JEC Group have brought together the international community of composites leaders and executives in our Composites Circle as an unique networking opportunity to meet with both peers and future partners.
Professor and Architect Mark Goulthorpe, of the MIT Department of Architecture, confirmed as guest keynote speaker for the Future of Composites in Construction.
The long awaited successor to the Murciélago, the Aventador LP700-4, has recently been unveiled at the 2011 Geneva Auto Show. It is now gaining widespread recognition as an extremely important model, being the first flagship from Automobili Lamborghini SpA to feature a production carbon fibre chassis, made using an Araldite resin system for RTM.
Automobili Lamborghini SpA has been working with carbon fibre composites for 30 years; indeed the Italian auto-maker was responsible for the first carbon fibre component on a production car and the first carbon fibre tub on a road car. Composites were also used to produce all of the body panels and several portions of the Murciélago’s spaceframe structure, when it was in production between 2002 and 2010.
In order to meet increasingly stringent environmental regulations, Lamborghini’s corporate strategy is now directed at increasing the power-to-weight ratios of its cars, reducing the overall weight and thereby reducing vehicle emissions.
To achieve this goal, the company has identified carbon fibre composites as a key technology. It is committed to become a ‘Centre of Excellence’, promoting collaboration and developing best practices to maximise the use of composite materials in production vehicles, as well as driving technological advancement in this area forward.
The company’s current R&D activities are aimed at the development of composite-intensive primary structures that meet weight, cost and production rate requirements, to fulfil the corporate strategy. This involves the evaluation of non-conventional technologies as well as the development of new ones.
While traditional composites used in the luxury sports car industry have typically utilised aerospace-derived prepreg materials for autoclave cure, out-of-autoclave processes are now believed to provide unparalleled efficiencies in terms of cost and production rate, while leaving performance and quality unaffected. Among these processes, Lamborghini is focusing on liquid resin processes (VaRTM and RTM), oven-cure prepregs, preforming technologies (braiding, non-crimp fabrics and thermoforming), and advanced compression molding.
The first project to come out of the company’s new corporate strategy is the Aventador LP700-4’s carbon composite chassis. Designed, developed and manufactured at Lamborghini’s headquarters at Sant’Agata Bolognese, where all the bull signed cars are manufactured, this carbon chassis is also expected to be built into other Lamborghinis in the future.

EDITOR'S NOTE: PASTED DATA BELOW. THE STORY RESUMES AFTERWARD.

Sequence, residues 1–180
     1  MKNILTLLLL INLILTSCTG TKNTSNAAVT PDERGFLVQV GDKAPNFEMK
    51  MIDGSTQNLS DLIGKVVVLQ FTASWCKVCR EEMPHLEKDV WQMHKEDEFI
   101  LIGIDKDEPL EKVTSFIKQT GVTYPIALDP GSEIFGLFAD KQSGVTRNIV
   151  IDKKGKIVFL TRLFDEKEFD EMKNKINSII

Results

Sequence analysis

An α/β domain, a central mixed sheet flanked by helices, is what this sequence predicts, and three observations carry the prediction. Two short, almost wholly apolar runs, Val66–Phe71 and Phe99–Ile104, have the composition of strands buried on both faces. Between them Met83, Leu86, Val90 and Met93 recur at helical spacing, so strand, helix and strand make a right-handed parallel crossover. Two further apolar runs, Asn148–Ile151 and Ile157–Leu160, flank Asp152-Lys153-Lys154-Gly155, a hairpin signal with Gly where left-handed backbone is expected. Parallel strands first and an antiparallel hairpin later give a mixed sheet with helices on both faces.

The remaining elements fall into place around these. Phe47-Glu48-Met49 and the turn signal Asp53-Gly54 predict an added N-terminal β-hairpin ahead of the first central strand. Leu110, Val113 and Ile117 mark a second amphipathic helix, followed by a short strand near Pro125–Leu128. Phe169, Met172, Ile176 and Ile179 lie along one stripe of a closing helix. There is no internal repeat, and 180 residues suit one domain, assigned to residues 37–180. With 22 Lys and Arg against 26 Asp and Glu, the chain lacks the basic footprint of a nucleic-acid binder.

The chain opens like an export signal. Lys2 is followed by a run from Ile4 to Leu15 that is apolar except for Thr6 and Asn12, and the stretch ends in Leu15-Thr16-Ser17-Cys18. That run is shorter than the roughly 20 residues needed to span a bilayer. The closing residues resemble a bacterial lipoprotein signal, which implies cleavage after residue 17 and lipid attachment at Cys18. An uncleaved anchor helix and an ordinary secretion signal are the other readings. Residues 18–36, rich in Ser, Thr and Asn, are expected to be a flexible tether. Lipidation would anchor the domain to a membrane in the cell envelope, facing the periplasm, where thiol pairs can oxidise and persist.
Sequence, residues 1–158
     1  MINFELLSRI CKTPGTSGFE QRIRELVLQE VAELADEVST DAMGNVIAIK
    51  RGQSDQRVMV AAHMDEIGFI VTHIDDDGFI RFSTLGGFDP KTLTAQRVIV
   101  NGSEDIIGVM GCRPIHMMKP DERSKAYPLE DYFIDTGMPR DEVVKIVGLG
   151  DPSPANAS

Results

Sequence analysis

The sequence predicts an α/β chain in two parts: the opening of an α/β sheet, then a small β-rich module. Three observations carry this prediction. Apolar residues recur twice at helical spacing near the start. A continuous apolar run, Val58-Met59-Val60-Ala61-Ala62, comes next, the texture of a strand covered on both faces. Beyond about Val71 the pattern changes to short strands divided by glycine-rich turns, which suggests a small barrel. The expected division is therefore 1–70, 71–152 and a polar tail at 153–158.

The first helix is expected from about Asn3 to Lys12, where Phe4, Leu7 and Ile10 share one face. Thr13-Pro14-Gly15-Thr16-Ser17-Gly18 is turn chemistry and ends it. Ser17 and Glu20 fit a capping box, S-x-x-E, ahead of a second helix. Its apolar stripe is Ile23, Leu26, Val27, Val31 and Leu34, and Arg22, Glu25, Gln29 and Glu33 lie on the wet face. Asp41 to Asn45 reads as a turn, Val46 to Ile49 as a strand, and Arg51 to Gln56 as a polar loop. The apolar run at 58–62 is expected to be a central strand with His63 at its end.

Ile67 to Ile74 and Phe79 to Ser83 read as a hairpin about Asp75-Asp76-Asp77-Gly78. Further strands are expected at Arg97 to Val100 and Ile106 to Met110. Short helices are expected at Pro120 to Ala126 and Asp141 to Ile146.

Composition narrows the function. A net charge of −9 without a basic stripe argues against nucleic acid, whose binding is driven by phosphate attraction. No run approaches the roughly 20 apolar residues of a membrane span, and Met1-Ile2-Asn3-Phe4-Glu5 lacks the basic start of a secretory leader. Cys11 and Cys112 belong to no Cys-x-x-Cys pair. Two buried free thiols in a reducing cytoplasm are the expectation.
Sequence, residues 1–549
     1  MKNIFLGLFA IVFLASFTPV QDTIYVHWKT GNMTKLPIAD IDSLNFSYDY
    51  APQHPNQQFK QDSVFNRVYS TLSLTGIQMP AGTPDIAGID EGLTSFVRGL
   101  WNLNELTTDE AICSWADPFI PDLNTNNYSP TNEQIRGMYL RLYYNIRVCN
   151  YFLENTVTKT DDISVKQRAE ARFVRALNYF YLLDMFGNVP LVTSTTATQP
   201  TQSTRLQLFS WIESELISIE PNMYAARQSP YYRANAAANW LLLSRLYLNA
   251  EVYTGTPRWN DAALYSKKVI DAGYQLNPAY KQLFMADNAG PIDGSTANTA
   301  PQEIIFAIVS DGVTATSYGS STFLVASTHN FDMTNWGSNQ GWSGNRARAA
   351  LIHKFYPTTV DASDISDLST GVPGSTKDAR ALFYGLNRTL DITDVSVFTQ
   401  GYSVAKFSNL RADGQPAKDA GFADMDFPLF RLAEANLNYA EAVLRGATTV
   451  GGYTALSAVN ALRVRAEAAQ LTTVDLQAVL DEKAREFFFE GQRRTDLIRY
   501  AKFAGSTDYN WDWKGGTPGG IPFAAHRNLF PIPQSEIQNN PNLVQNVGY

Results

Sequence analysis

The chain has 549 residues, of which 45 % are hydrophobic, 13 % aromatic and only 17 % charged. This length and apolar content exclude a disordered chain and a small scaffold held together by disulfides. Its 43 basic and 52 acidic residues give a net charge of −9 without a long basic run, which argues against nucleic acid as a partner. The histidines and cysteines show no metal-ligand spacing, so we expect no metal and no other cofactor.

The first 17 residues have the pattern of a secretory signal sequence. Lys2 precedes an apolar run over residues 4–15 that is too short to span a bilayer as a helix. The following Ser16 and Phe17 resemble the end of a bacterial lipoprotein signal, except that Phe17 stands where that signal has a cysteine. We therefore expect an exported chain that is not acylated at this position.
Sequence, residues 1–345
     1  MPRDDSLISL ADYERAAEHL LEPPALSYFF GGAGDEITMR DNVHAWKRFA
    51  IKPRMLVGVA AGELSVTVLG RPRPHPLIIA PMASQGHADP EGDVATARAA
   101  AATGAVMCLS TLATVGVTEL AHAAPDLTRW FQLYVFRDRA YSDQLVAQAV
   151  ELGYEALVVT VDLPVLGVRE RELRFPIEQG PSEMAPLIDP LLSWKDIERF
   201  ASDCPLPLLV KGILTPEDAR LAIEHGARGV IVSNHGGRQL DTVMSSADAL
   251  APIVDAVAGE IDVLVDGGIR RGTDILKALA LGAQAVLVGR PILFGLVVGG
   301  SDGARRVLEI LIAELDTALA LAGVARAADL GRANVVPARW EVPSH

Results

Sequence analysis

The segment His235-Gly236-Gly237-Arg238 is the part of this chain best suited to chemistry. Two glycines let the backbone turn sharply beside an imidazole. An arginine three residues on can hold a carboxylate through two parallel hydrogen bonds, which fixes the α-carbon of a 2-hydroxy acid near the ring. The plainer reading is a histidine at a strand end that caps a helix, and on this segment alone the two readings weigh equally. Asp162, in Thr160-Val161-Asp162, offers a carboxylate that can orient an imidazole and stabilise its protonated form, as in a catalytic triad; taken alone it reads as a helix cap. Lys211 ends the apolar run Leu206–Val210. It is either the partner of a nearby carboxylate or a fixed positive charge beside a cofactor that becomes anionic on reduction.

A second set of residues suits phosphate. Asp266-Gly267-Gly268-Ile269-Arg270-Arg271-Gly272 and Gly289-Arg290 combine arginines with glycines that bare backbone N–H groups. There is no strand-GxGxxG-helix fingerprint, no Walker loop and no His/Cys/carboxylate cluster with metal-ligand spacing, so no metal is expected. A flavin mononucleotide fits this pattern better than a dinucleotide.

Lamborghini produced the bulk of the chassis with the support of Huntsman Advanced Materials, who provided an Araldite® resin system especially adapted for Lamborghini’s ‘RTM-Lambo’; a Resin Transfer Molding (RTM) processing technique.
During the patented ‘RTM-Lambo’ process to produce the chassis, pre-formed carbon fibre reinforcements are impregnated with a precise amount of the Araldite® resin. This advanced technique uses lighter molds made of carbon fibre, rather than steel or aluminium and is heavily automated.
The Aventador’s chassis also includes epoxy foam sections, adding the space needed to create shapes without introducing unnecessary layers of carbon fibre. The foam also dampens noise and harmonic vibrations, like heavy insulation would on a metal-chassised car.
To meet all the RTM requirements, the resin must have a very low viscosity, sufficient-pot life and good fibre impregnation capabilities. Furthermore, it must be able to deliver the mechanical properties required to ensure the strength and torsional rigidity of the chassis. In being adapted with a carbon fabric orientation and quality, the Araldite® resin fulfils all these requirements.
The entire passenger cell of the Aventador, including the roof, weighs just 147.5kg. This lightweight is not at the expense of rigidity - indeed it takes 35,000 Nm (25,800lb ft) of torque to twist it by one degree.
By comparison, the Murciélago, with its metal chassis, had a torsional rigidity rated at around 20,000 Nm per degree. In effectively deploying carbon composite materials, the Aventador is more robust and boasts a much higher torque than its predecessor.
“The Araldite® resin system developed by Huntsman has been extremely well adapted for the ‘RTM-Lambo’ technique. It has excellent mechanical and curing properties and a suitable viscosity profile versus time, allowing us to meet rigorous performance and cost requirements,” explained Luciano De Oto, Head of Lamborghini Advanced Composite Research Center (ACRC).
“To fulfil increasing production rates as we move forward with our strategy to deploy more carbon fibre in the future generations of our high performance cars, this RTM process is the answer.”
In combination with the Araldite® resin, the ‘RTM-Lambo’ technique creates a chassis that is lightweight, robust and capable of delivering the power-to-weight ratios outlined in Lamborghini’s corporate strategy. It also offers a cost effective solution for the repeatable production of structural parts with mechanical and thermal performances comparable to autoclaved prepregs.
With the Aventador’s chassis, Lamborghini and Huntsman have created a ground-breaking package. The first production carbon fibre chassis from Lamborghini is also recognised as being steps ahead of any other production carbon chassis available today.
More information: www.huntsman.com/advanced_materials
The RTM process grew out of the need to increase the manufacturing productivity at a lower cost. It also allows to make complex partin one shot. Here are a few examples and update of this...